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UCLA Film & Television Archive Festival of Preservation returns

Highlights of the March-April screenings include 'A Woman Under the Influence,' 'Return of the Secaucus Seven' and 1911's 'A Tale of Two Cities.'

March 12, 2009|KENNETH TURAN | FILM CRITIC
  • Love on edge: Gena Rowlands and Peter Falk star in "A Woman Under the Influence."
Love on edge: Gena Rowlands and Peter Falk star in "A Woman Under the… (Touchstone Home Video )

It's so big it takes 24 evenings of programming spread over two months to contain all of its treasures. It's so important it's going to travel all across North America, visiting cities from Vancouver, Canada, to New York. And it's such a deep-dish delight for hard-core film fans it could only have come from Los Angeles. Ladies and gentlemen, the UCLA Film & Television Archive Festival of Preservation has returned.

This is the 14th UCLA festival, at one time an annual event and now held every other year at the Hammer Museum's Billy Wilder Theater in Westwood. Once again, it has something for everyone, as the archive first restores and then screens a wide range of cinema -- it's frankly dizzying to describe it all.

If you are looking for independent classics, John Cassavetes' "A Woman Under the Influence" opens the festival Friday night and a John Sayles double bill of "Return of the Secaucus Seven" and "The Brother From Another Planet" is scheduled for next week.

If you want landmark documentaries, Emile de Antonio's "Point of Order" is on the schedule, as is "Word Is Out: Stories of Some of Our Lives." Foreign-language aficionados can sample 1964's "Gamperaliya," the first independent film from Sri Lanka, while fans of silent comic Max Davidson (I know you're out there) can see his newly restored "The Boy Friend" as part of a Hal Roach evening.

Should vintage television be to your taste, there's 1970's "Johnny Cash Presents the Everly Brothers Show," and as for really early theatrical features, there's "A Tale of Two Cities" -- not the one with Ronald Colman but Vitagraph's 1911 version, one of the first three-reel dramas.

My personal favorites every festival fall into the treasures-from-the-attic category. What could be better than to sample the eclectic collection of rarities, oddities and one-offs that the festival manages to rescue from the far corners of the archive's staggering holdings?

That "Tale of Two Cities" is not the only intriguing silent on the schedule; 1914's "In the Land of the Head Hunters," set among the Kwakwaka'wakw people of British Columbia and directed by photographer Edward S. Curtis, predated "Nanook of the North" by nearly a decade in having an all-indigenous-peoples cast. And Josef von Sternberg's moody, heavily romanticized look at lower-class life, 1925's atmospheric "The Salvation Hunters," is considered by the archive to be "possibly Hollywood's first 'independent' production."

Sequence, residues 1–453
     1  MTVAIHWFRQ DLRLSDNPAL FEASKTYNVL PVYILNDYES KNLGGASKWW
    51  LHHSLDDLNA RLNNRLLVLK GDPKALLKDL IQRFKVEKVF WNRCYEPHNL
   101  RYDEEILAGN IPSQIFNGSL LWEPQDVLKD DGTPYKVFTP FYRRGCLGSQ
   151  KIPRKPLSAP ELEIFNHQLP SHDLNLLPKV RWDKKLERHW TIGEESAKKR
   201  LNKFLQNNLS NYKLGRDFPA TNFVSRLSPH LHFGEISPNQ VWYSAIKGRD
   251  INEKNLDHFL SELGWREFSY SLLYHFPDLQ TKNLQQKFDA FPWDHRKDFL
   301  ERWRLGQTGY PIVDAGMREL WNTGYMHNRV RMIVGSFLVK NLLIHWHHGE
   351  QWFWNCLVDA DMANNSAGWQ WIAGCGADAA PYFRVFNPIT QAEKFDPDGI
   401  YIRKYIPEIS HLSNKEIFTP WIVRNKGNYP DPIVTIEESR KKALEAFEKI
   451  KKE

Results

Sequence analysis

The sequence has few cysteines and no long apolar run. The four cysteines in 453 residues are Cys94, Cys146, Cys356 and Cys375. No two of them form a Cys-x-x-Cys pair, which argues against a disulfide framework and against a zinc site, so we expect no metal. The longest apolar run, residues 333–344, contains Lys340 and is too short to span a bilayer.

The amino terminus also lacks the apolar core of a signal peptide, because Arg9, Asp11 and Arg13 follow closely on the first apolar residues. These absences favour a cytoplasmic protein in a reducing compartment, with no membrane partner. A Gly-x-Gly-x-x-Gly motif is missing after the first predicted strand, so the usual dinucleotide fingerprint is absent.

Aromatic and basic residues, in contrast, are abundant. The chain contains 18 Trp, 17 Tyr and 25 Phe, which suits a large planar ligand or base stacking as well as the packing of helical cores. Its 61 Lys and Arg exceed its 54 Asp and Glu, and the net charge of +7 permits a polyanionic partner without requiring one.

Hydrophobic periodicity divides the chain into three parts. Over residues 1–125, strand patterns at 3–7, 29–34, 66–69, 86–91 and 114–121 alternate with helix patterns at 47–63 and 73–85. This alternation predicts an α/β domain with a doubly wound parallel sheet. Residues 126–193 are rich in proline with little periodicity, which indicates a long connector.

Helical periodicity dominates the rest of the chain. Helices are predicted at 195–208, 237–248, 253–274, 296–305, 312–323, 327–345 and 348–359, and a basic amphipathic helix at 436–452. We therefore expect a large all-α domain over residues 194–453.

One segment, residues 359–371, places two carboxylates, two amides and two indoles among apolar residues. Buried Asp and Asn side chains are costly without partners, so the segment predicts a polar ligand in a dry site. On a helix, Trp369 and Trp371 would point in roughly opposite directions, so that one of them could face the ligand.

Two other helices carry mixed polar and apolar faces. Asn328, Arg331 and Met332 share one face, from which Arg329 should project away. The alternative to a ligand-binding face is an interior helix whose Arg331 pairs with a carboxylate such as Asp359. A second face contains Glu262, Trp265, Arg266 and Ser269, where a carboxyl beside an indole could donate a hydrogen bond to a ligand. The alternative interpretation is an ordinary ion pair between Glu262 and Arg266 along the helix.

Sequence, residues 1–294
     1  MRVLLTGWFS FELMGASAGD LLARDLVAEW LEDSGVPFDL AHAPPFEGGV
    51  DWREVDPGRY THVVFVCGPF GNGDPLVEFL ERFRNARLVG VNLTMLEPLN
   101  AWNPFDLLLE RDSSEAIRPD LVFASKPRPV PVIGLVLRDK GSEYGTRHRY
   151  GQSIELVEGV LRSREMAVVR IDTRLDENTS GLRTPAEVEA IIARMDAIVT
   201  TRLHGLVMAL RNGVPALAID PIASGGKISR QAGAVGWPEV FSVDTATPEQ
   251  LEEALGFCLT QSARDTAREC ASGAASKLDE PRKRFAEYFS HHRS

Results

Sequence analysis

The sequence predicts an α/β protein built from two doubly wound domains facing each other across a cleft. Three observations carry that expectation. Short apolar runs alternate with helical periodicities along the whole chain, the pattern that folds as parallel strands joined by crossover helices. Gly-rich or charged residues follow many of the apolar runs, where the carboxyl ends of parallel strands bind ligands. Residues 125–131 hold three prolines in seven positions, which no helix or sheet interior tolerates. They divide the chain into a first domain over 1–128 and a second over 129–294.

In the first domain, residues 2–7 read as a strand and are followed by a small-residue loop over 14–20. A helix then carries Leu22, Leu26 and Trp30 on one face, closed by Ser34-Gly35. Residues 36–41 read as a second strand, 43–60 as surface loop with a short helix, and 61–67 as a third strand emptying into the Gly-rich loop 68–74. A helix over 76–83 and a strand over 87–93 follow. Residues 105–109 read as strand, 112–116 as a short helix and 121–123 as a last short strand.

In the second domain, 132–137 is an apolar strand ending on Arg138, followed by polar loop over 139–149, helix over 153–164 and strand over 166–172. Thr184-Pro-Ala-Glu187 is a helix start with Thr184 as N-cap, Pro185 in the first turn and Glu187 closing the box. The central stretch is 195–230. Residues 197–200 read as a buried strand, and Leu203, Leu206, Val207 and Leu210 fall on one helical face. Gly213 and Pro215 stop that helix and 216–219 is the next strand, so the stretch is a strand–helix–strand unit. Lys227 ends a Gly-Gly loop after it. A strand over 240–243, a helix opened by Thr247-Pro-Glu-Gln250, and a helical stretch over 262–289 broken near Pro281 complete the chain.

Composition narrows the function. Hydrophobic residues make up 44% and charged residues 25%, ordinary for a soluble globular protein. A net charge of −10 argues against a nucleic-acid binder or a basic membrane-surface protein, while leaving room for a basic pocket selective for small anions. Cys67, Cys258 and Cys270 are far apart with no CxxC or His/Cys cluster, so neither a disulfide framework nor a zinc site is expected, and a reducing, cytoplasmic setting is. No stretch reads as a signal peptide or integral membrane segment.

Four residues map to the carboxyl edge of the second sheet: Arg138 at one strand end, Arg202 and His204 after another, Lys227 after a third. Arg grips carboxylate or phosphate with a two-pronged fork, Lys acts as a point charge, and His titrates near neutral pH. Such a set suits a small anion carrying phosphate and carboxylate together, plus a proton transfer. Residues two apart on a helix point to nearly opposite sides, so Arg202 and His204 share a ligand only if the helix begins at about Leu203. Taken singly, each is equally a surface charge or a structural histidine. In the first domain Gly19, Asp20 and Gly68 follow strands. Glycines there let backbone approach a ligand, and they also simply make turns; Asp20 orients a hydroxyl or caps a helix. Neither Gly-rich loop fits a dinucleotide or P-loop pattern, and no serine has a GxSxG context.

Early sound films are also well-represented. "Pointed Heels," starring William Powell and Fay Wray, is most celebrated for a rare appearance by Helen "Sugar" Kane, a live-wire 1920s entertainer whose "boop-boop-a-doop" singing style made her the unmistakable real-life model for the very animated Betty Boop.

Equally musical are a selection from the archive's peerless collection of sound-on-disc Vitaphone shorts. Hear Helen Morgan, the queen of been-around voices, and watch in awe as the Mound City Blue Blowers demonstrate a mastery of that most unlikely of musical instruments -- the suitcase.

The early sound films with the most emotional resonance are, not surprisingly, a double bill of features directed by Frank Borzage, who fearlessly pushed the envelope in terms of unabashed sentiment, the way today's directors push it in terms of violence and gore.

First on the bill is 1932's "Young America," which, its stirring title notwithstanding, is an intimate drama of the transformative yet completely chaste friendship two young teenage boys have for each other. They really don't make them like this anymore.

Borzage's "Song O' My Heart" from 1930 has the additional advantage of starring the legendary Irish tenor John McCormack in the story of (what else) a legendary Irish tenor with romantic problems. If McCormack singing "The Rose of Tralee" doesn't put you away, his "Little Boy Blue" certainly will.

At the other end of the spectrum are the dark noirs that dot the UCLA program like black pearls. Looking especially crisp in their newly restored prints are "Ruthless," B-picture impresario Edgar G. Ulmer's version of "Citizen Kane," and the Joan Bennett-starring "Secret Beyond the Door," directed by Fritz Lang with an assist from the superb cinematography of Stanley Cortez and a Miklos Rozsa score.

Paired as a double bill are two forgotten gems from 1951. Joseph Losey's "The Prowler" stars Evelyn Keyes as a lonely wife and Van Heflin as the bitter cop who only adds to her troubles. This film flabbergasted the critic from Variety, who called it "a bawdy, daring story that must be restricted to the adult market." I think he meant that as a compliment.

On the same program is Max Nossek's "The Hoodlum," starring perennial bad guy Lawrence Tierney as, not to put too fine a point to it, a complete thug.

When these films opened as a double bill in Los Angeles, Times critic Philip K. Scheuer wrote, "The titles are short and sweet these days. They are the only things about these pictures that are."

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